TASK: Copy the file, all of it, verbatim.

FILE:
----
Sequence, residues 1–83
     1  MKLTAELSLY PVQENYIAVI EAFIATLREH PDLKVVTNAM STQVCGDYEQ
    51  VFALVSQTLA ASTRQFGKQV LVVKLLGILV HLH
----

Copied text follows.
Sequence, residues 1–83
     1  MKLTAELSLY PVQENYIAVI EAFIATLREH PDLKVVTNAM STQVCGDYEQ
    51  VFALVSQTLA ASTRQFGKQV LVVKLLGILV HLH